Sir Isaac Newton’s Universal Law of Gravitation is said to have come to
him as he sat in the dappled light of an apple tree, thinking. Whether he
was literally struck with his answer to why we don’t float off the planet
is open to question but there can be little doubt that he was in the right
place at the right time. From the Buddha to DH Lawrence and beyond,
thinkers and students of every subject have found a space in which to
contemplate under the gently dynamic light the Japanese call korambi.
This thought led Coffey Architects to conceive the main reading room of
the Science Museum’s new Dana Research Centre and Library in London’s
South Kensington as a canopy of filtered light under which research,
reading and rumination could prosper.
As ‘the home of human ingenuity’, the Science Museum contains a world-class collection of scientific, technological and medical records, receiving
more than 3m visitors a year and mounting award-winning exhibitions.
The new research centre, on the site of the former Dana Cafe, is home to
the Museum’s Research and Public History Department. The library is the
first part of a major campus overhaul set to complete in 2019. In addition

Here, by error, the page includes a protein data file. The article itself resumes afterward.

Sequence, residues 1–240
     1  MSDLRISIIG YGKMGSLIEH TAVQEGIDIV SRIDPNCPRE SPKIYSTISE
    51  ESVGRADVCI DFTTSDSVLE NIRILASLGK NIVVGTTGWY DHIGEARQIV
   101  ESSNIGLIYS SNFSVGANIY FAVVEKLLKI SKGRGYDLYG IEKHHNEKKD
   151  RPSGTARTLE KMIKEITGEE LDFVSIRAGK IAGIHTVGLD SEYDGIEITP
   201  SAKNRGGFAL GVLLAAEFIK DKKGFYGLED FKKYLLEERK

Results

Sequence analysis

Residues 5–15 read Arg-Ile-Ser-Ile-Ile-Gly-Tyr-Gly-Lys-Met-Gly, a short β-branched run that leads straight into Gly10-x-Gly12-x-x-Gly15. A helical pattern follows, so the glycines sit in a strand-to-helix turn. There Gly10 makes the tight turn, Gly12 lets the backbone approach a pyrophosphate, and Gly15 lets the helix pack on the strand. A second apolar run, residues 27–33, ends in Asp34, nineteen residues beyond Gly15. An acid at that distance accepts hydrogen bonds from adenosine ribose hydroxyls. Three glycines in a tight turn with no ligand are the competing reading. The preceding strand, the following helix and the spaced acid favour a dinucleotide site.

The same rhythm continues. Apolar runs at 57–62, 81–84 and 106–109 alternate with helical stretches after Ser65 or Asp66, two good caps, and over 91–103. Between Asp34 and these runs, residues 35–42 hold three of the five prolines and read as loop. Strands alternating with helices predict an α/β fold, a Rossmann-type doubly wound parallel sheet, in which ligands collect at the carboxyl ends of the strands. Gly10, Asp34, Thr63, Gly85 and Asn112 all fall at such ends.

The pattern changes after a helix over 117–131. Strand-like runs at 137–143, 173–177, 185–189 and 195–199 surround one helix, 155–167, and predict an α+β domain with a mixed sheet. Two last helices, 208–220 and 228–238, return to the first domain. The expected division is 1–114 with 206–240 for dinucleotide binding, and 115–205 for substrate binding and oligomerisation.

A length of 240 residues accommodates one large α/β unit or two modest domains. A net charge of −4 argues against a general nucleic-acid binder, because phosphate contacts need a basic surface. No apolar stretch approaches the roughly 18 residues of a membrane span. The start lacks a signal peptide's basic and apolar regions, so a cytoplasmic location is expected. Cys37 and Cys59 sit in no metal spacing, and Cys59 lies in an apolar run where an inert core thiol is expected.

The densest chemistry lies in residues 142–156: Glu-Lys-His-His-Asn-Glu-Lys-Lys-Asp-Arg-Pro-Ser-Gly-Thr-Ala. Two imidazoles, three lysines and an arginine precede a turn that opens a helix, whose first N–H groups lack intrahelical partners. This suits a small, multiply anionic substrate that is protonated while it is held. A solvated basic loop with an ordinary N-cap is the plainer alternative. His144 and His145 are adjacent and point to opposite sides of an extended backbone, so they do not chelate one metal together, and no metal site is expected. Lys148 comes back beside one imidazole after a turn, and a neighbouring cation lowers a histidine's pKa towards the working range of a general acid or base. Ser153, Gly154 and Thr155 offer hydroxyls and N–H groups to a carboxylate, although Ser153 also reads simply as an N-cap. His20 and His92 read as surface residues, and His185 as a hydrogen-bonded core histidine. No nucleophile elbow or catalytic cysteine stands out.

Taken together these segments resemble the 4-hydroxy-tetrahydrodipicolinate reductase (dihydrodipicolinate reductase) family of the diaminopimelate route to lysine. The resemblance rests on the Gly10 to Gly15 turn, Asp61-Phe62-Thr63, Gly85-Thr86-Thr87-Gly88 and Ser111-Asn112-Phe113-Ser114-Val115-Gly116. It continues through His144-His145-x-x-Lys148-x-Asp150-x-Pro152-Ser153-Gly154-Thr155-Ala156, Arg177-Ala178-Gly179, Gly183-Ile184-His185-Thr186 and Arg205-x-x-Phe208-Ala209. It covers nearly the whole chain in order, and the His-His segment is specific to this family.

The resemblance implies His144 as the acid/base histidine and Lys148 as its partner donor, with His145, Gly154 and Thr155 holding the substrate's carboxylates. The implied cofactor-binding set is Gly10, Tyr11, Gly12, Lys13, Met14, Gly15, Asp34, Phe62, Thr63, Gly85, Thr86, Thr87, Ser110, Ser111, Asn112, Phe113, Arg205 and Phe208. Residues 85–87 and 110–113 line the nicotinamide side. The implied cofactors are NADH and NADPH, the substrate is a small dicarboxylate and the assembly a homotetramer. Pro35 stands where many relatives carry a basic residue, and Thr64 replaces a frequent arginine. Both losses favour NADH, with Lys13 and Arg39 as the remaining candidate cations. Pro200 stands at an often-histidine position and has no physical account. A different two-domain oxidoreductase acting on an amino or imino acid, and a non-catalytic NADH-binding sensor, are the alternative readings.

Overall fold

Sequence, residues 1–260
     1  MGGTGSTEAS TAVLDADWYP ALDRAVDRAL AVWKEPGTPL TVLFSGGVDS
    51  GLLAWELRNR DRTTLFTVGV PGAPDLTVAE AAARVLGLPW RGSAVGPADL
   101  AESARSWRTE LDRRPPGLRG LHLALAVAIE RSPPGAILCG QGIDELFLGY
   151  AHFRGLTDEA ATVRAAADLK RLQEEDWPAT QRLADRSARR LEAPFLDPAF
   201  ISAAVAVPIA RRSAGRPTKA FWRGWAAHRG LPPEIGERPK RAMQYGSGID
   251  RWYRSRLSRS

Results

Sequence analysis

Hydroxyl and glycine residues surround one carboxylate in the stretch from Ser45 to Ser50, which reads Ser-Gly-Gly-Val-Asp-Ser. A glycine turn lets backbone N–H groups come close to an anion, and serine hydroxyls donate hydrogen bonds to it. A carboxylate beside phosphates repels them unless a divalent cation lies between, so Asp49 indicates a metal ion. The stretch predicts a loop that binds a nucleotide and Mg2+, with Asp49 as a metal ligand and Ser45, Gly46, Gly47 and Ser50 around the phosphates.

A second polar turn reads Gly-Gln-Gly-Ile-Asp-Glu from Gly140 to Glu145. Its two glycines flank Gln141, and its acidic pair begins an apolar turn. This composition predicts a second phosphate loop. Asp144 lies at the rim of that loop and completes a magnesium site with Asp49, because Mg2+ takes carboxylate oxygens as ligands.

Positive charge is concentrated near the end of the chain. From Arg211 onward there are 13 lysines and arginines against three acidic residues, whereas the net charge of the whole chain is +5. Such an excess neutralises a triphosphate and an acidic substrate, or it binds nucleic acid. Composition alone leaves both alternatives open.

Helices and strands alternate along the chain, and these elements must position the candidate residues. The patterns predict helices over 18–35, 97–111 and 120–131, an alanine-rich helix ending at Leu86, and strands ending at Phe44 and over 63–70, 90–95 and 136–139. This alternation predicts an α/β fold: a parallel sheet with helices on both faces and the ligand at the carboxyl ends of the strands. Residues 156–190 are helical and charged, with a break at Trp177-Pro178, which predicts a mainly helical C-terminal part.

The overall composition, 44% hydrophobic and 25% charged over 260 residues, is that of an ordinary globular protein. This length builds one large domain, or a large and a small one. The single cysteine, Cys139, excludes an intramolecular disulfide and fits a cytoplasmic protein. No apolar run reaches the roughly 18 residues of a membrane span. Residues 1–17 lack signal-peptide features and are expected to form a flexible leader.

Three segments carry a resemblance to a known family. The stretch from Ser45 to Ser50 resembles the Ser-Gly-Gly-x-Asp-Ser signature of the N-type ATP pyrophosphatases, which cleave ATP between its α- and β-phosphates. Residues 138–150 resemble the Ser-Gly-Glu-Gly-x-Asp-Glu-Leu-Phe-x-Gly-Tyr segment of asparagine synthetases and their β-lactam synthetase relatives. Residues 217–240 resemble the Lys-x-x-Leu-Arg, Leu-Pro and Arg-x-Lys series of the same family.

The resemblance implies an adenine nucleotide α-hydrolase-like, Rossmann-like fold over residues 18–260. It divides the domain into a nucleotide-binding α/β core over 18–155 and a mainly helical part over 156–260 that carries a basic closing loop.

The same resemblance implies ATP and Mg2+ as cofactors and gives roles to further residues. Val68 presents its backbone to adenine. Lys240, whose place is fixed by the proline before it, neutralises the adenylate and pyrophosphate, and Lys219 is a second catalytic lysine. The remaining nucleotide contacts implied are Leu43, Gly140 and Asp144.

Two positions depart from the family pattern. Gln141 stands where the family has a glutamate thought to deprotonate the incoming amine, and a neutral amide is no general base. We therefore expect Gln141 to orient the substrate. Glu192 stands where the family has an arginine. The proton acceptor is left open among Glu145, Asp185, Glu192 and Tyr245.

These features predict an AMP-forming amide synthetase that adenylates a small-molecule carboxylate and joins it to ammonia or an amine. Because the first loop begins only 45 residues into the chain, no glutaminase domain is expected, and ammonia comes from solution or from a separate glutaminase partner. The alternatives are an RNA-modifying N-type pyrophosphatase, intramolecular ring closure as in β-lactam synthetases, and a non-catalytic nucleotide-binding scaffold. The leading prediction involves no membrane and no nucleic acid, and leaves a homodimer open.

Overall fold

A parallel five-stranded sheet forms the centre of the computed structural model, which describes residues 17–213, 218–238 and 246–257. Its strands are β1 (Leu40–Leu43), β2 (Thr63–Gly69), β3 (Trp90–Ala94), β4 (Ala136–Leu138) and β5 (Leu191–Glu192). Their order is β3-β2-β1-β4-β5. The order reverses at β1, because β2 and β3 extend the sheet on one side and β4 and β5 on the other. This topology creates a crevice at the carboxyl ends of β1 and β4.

to providing flexible space for the museum’s doctoral candidates and
researchers, it offers free public access to world-class library and archive
collections for science and engineering. It holds approximately 5500
volumes on open shelving, and terminals to access digital resources.
Selected archives and items are also available for transport from the
facilities in Wroughton, a former Air Force base near Swindon in Wiltshire,
whose holdings include original scientific, technical and medical works
from the past 500 years.
Reading the rooms
Michael Henriksen, associate of Coffey Architects, presents the concept for dappled daylighting for the main reading room at London’s
Science Museum research centre, intended to create the perfect atmosphere for reading and rumination
During the day, perforations in the panels control the entry of daylight. At night the
panels are lit with internal LEDs with a warm colour temperature